The program, distributed to those who attended the service, states that Woods was born in San Francisco, lived briefly in Houston, Texas and then returned to San Francisco, where he attended El Dorado Middle School, Martin Luther King Middle School and Balboa High School.He was described at the memorial as a goofy man, an avid reader, and a music lover. The incident has triggered a public debate about police use of force policies and prompted police Chief Greg Suhr and Police Officers Association president Martin Halloran to renew efforts to arm officers with stun guns.

The Police Department also introduced a new directive earlier this month that requires officers to alert their supervisors if they draw their firearms.

In the wake of Woods’ death, Chief Suhr’s office and the Police Commission began looking at the department’s entire use of force policy to see how officers can be better equipped or trained to deescalate conflicts when they arise.

Top 10 List of Most Congested Bay Area Commutes Released

A list of the Bay Area’s top 10 most congested freeway commutes in 2014 was released Thursday by the Metropolitan Transportation Commission. Topping the list is the westbound morning commute on Interstate Highway 80 from Hercules to Oakland, commission officials said. The I-80 commute has held the top spot often in the last 15 years or so, but dropped to fourth in 2013, commission spokesman John Goodwin said. The congested freeway segment extends for 17 miles from the state Highway 4 interchange to the Bay Bridge toll plaza, according to commission officials.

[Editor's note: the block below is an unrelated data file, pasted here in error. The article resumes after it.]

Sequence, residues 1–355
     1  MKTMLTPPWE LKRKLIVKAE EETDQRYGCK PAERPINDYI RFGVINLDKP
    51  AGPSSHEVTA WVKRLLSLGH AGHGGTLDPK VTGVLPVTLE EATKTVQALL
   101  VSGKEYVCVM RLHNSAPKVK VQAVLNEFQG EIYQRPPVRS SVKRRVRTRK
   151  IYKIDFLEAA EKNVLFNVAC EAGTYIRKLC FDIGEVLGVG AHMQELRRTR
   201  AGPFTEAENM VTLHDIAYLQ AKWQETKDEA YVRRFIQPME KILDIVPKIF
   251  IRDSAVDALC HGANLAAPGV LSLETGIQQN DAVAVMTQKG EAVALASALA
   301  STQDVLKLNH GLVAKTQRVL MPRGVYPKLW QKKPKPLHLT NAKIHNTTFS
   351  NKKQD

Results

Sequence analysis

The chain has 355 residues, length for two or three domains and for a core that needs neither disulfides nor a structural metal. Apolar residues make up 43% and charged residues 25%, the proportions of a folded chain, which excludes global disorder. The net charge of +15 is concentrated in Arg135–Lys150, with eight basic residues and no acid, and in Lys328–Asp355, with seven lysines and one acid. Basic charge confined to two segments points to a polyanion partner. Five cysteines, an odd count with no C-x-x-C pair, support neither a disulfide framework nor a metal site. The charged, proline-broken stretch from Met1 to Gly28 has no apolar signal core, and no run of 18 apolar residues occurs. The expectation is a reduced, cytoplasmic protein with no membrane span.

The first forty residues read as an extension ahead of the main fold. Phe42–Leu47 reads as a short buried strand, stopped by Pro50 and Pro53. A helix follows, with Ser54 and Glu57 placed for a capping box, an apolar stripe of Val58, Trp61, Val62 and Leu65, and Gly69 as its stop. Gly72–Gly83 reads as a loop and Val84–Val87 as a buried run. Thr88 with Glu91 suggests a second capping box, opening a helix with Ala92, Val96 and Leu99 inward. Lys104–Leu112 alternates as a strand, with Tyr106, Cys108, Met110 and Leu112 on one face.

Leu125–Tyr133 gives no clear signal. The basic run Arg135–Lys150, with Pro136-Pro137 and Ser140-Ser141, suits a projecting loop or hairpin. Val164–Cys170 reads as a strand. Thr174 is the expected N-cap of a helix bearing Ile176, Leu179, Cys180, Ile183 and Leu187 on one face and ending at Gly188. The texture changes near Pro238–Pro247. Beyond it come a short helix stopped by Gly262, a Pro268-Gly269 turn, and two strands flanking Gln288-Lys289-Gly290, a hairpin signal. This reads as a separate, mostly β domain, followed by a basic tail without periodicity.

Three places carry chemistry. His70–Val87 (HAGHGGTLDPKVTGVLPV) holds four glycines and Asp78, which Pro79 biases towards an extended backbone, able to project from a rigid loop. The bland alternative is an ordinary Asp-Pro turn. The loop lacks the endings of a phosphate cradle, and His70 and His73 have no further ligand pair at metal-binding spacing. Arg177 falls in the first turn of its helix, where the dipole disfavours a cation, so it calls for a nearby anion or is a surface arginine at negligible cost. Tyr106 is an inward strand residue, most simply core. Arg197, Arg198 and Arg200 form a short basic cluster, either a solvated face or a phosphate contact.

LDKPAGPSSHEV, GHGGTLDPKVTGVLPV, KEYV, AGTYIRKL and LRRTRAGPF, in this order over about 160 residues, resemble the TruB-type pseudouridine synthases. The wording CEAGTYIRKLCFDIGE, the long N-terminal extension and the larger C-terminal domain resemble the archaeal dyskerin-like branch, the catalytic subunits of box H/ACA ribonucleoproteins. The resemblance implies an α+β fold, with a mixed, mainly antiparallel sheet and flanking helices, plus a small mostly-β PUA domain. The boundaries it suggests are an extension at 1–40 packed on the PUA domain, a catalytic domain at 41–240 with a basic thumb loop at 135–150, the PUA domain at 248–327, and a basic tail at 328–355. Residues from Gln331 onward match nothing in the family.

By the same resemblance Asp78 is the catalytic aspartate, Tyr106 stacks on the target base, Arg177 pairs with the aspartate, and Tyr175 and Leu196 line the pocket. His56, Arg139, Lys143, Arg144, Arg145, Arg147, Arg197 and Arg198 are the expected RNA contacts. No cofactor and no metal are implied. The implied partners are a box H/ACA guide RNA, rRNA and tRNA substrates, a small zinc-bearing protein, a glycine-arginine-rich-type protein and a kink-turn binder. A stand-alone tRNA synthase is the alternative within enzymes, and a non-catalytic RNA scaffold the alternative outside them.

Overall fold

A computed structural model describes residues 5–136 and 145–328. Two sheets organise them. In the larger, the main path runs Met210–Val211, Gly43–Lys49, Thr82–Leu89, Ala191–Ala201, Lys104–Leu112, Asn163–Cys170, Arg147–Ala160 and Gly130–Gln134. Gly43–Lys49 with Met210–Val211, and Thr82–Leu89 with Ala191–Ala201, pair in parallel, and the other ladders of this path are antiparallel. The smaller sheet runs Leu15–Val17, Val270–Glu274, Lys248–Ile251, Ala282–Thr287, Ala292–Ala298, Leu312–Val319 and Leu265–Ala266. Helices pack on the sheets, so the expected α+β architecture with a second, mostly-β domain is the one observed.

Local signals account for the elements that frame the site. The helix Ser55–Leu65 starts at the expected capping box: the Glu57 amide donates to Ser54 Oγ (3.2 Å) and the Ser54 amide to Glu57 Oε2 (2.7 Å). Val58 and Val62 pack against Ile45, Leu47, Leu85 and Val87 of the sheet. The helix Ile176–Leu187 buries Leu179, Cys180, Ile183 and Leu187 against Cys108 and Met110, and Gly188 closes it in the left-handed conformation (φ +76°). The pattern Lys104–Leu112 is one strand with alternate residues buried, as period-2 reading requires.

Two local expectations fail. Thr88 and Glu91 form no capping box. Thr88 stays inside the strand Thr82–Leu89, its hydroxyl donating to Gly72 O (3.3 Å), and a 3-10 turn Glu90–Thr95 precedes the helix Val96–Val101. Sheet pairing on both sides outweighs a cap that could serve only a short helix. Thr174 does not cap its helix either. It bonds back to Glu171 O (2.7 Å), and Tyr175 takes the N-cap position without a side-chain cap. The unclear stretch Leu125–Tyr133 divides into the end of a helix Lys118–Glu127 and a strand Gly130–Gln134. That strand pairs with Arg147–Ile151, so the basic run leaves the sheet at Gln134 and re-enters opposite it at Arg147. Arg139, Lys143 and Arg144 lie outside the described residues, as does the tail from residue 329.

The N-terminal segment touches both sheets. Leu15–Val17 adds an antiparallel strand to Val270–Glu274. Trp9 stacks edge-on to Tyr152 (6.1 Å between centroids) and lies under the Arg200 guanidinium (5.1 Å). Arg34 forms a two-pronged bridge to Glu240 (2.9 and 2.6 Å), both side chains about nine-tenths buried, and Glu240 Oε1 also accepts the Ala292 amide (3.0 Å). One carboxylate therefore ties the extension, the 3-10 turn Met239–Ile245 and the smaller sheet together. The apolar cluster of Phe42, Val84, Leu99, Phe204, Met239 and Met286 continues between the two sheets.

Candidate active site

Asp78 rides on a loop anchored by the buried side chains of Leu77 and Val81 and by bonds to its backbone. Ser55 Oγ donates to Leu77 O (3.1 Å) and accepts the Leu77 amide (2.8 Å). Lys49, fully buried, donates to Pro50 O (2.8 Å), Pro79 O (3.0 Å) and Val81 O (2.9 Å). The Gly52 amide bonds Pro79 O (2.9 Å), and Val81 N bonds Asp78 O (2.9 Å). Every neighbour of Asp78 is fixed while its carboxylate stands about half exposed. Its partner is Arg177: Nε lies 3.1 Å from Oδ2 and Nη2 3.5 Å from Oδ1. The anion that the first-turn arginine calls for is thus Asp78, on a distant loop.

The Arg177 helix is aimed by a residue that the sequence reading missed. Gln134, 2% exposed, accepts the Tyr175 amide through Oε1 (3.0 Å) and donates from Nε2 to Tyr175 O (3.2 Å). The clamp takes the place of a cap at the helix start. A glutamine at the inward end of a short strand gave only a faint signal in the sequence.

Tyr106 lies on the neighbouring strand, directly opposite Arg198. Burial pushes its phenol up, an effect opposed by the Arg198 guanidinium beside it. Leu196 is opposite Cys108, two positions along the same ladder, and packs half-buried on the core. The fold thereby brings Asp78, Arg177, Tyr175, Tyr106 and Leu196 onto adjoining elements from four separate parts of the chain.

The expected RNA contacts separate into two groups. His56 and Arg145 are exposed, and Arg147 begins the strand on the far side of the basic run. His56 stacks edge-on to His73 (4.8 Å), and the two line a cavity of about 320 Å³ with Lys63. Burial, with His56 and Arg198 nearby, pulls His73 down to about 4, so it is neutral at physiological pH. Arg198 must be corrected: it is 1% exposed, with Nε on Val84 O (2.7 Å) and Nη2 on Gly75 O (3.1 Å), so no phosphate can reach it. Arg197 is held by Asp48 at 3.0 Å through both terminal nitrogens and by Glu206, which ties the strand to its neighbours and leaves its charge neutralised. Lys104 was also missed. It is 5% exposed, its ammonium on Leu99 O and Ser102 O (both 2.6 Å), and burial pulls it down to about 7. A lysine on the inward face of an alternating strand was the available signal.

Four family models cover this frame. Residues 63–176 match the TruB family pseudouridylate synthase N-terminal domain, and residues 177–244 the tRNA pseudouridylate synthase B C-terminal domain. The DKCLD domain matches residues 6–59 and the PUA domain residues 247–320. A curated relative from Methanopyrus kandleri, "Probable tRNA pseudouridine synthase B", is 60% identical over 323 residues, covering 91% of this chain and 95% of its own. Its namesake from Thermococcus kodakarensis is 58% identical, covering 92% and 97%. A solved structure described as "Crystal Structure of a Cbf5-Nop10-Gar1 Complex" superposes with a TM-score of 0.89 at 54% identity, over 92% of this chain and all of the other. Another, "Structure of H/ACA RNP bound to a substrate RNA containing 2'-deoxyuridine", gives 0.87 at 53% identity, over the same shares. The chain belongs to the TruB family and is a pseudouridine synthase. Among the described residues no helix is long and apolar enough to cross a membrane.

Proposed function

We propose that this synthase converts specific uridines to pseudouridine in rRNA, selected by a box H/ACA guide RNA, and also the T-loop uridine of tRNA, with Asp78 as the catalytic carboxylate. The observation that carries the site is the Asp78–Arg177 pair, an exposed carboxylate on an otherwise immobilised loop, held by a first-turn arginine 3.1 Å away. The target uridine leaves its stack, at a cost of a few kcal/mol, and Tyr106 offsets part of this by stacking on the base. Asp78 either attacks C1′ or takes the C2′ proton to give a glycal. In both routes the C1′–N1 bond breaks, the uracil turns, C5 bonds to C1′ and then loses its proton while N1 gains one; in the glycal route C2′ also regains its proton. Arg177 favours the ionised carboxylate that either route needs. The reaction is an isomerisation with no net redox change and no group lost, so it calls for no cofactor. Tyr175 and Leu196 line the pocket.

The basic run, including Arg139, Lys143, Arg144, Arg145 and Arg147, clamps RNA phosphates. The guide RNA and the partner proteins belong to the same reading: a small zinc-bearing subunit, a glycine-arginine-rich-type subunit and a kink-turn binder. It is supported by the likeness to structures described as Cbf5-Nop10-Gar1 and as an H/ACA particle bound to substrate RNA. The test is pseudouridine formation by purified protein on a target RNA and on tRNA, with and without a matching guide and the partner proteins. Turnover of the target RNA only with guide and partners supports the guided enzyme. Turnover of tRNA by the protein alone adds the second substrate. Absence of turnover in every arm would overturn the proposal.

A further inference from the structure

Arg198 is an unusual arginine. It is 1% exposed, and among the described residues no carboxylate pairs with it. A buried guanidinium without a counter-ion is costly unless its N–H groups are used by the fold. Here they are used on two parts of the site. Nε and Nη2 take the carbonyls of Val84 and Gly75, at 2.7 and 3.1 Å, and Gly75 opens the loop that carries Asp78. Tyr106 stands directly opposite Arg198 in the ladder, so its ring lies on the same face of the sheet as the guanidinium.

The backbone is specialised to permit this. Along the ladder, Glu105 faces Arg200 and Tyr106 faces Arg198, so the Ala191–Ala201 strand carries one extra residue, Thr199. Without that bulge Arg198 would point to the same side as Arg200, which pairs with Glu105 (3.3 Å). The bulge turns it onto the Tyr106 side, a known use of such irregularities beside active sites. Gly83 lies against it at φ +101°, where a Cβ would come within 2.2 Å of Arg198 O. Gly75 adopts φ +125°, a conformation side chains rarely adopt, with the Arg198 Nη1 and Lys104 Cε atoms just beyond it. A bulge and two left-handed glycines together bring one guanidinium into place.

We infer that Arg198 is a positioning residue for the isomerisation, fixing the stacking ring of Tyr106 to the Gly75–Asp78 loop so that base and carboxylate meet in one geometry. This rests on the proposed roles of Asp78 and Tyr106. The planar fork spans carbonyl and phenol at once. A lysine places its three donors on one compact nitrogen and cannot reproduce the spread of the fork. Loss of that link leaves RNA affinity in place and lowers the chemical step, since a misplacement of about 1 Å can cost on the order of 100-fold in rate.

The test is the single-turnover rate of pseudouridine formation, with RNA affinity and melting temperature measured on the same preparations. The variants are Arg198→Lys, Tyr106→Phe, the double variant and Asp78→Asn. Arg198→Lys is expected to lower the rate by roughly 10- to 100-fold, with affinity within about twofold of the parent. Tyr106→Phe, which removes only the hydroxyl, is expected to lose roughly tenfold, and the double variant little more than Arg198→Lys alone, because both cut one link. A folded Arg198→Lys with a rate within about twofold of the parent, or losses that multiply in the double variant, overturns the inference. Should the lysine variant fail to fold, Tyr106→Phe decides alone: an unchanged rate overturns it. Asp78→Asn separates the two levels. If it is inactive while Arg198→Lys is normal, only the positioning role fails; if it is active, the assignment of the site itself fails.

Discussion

The second most congested commute is the southbound morning drive on Interstate Highway 880 between San Leandro and Milpitas, which was also second last year, commission officials said.